Advertisement

Neuroscience and Behavioral Physiology

, Volume 43, Issue 9, pp 1132–1137 | Cite as

Mental, Autonomic, and Neurophysiological Impairments in Patients with Obesity and Their Correction Using Transcranial Electrical Stimulation

  • Yu. B. Baryl’nik
  • N. V. Bolotova
  • S. V. Levit
  • Yu. M. Raigorodskii
  • L. A. Cherevashchenko
  • I. A. Cherevashchenko
Article
  • 50 Downloads

A total of 85 patients aged 45–68 years with grade I and II obesity for more than five years with concomitant arterial hypertension and atherosclerosis were observed. Patients were divided into two randomized groups. The study group underwent transcranial electrical stimulation (TES) on the background of standard treatment with antiaggregant vascular agents and low-calorie diet. The control group underwent a placebo TES procedure (with the electrodes disconnected). TES therapy was performed using the fronto-mastoid method with sequential stimulation of the right and left hemispheres at a frequency of 10 Hz; patients received a total of 10–12 daily procedures. Patients’ status was evaluated using a series of psychometric scales; autonomic nervous system status was determined by rhythmocardiography; brain bioelectrical activity (EEG) was also studied; the activity of the lipid peroxidation system was assessed. TES produced improvements in most indicators which were significantly greater than average improvements in the control group. Changes in clinical and laboratory parameters were accompanied by a mean 9.8 % decrease in body mass index.

Keywords

somatoneurology somatopsychiatry obesity;therapy transcranial stimulation 

Preview

Unable to display preview. Download preview PDF.

Unable to display preview. Download preview PDF.

References

  1. 1.
    P. K. Anokhin, Biology and Physiology of Conditioned Reflexes [in Russian], Moscow (1968).Google Scholar
  2. 2.
    R. M. Baevskii, O. I. Kirillov, and S. Z. Kletskin, Mathematical Analysis of Changes in Heart Rhythm during Stress [in Russian], Moscow (1984).Google Scholar
  3. 3.
    D. G. Bessesen and R. Kushner, Overweight and Obesity. Prophylaxis, Diagnosis, and Treatment [in Russian], Binom Press, Moscow (2006).Google Scholar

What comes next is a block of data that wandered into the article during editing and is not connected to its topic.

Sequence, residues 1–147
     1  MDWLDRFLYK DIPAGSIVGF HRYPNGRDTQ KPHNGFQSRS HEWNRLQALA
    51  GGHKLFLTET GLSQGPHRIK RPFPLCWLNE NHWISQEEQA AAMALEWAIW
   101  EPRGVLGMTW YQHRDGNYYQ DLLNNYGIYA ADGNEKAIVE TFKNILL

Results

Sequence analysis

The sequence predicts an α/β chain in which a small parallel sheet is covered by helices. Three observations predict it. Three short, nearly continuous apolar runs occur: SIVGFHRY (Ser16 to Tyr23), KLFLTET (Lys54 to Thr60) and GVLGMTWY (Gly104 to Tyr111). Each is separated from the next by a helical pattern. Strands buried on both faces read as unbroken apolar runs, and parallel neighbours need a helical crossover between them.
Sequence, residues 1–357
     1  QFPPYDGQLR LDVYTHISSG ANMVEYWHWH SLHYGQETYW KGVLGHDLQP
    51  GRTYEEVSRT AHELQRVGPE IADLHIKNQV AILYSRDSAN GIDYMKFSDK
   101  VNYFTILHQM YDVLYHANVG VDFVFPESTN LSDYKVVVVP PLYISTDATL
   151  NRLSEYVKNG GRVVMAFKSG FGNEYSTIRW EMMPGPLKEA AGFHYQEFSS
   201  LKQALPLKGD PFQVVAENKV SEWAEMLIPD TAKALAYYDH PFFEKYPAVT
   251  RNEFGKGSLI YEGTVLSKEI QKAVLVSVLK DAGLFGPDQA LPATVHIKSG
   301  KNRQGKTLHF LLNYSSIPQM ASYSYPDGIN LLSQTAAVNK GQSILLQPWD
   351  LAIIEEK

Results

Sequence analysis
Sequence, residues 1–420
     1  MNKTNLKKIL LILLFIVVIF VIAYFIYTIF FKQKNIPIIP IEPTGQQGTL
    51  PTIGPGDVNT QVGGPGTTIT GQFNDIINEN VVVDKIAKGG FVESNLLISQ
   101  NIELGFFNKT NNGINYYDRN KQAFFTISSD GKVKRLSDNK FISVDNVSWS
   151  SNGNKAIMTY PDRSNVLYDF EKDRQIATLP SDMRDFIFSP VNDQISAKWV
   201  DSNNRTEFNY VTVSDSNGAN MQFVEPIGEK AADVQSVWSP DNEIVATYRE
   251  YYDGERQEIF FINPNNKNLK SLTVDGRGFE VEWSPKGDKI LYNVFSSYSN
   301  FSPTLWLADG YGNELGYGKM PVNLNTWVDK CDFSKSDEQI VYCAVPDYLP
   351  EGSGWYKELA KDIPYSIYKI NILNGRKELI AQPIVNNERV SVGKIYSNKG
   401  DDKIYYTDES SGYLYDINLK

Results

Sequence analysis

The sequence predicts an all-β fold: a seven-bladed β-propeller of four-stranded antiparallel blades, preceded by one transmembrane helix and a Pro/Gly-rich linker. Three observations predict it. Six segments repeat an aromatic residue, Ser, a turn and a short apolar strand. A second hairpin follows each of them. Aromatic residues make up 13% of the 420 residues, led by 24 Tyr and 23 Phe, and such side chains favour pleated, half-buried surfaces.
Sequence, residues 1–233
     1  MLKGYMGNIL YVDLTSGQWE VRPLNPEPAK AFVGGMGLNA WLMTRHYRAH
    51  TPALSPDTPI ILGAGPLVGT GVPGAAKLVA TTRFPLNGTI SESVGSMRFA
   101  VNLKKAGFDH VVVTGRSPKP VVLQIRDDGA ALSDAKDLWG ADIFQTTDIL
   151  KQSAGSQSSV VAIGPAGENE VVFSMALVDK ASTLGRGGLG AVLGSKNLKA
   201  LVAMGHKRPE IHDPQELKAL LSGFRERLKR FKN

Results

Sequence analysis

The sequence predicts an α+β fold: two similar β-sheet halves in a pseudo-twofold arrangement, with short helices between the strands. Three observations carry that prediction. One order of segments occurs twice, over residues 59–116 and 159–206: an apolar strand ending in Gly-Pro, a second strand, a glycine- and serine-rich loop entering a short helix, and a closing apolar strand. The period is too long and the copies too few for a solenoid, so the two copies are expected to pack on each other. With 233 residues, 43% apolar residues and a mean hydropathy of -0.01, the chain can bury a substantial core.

4. 4.
    N. R. Borodyuk, Adaptation and Humoral Regulation [in Russian], Moscow (2003).Google Scholar
  5. 5.
    Working Group of the European Society of Cardiology and the North American Stimulation and Electrophysiology Society, “Variability in heart rhythm (measurement standards, physiological interpretations, clinical utilization),” Vestn. Aritmol., No. 11, 53–78 (1999).Google Scholar
  6. 6.
    N. P. Goncharov and G. S. Kolesnikova, Corticosteroids: Metabolism, Mechanism of Action, Clinical Utilization [in Russian], Adaman, Moscow (2002).Google Scholar
  7. 7.
    A. I. Karpishchenko, Medical Laboratory Techniques and Diagnosis. Guidelines [in Russian], Spravochnik, St. Petersburg (1999), Vol. 2, p. 27.Google Scholar
  8. 8.
    G. V. Rzheusskaya,Yu. M. Listopadov, M. V. Bobrova, and A. G. Umrudina, “Use of Cymbalta (duloxetine) in the treatment of anxiousdepressive disorders in patients with cerebral ischemia,” Zh. Nevrol. Psikhiat., 109, No. 2, 26–30 (2009).Google Scholar
  9. 9.
    Z. A. Suslina, S. A. Rumyantseva, M. M. Tanashyan, et al., “Complex energy correction of chronic cerebral ischemia,” Zh. Nevrol. Psikhiat., 111, No. 3, 25–29 (2011).Google Scholar
  10. 10.
    V. P. Dvoretskii (ed.), Transcranial Electrical Stimulation: Collection of Articles [in Russian], St. Petersburg (1998).Google Scholar
  11. 11.
    N. Yu. Filina, N. V. Bolotova, Yu. M. Raigorodskii, and N. V. Nikolaeva, “Transcranial magnetic-electrical stimulation with alternating actions on the cerebral hemispheres in the correction of cerebral impairments in children with type 1 diabetes mellitus,” Zh. Nevrol. Psikhiat., 112, No. 3, 39–43 (2012).Google Scholar
  12. 12.
    A. N. Belova and O. N. Shepetova (eds.), Scales, Tests, and Questionnaires in Medical Rehabilitation [in Russian], Avtodor, Moscow (2002), pp. 205–224.Google Scholar
  13. 13.
    M. F. Folstein, S. F. Folstein, and P. R. McHugh, “Mini-mental state. A practical method of grading the cognitive state of patients for the clinician,” J. Psychiat. Res. No. 12, 189–198 (1975).Google Scholar
  14. 14.
    D. S. Knopman, “Current treatment of mild cognitive impairment and Alzheimer’s disease,” Curr. Neurol. Neurosci. Rep., 6, No. 5, 365–371 (2006).PubMedCrossRefGoogle Scholar
  15. 15.
    K. J. Ressler and C. D. Nemeroff, “Role of serotoninergic and noradrenergic systems in the pathophysiology of depression and anxiety disorders,” Depress. Anx., 12, Suppl. 1, 2–19 (2000).CrossRefGoogle Scholar

Copyright information

© Springer Science+Business Media New York 2013

Authors and Affiliations

  • Yu. B. Baryl’nik
    • 1
  • N. V. Bolotova
    • 1
  • S. V. Levit
    • 1
  • Yu. M. Raigorodskii
    • 1
  • L. A. Cherevashchenko
    • 1
  • I. A. Cherevashchenko
    • 1
  1. 1.Saratov State Medical University; Clinical Hospital No. 2; Trima Company, Saratov; and Pyatigorsk Research Institute of BalneologyPyatigorskRussia

Personalised recommendations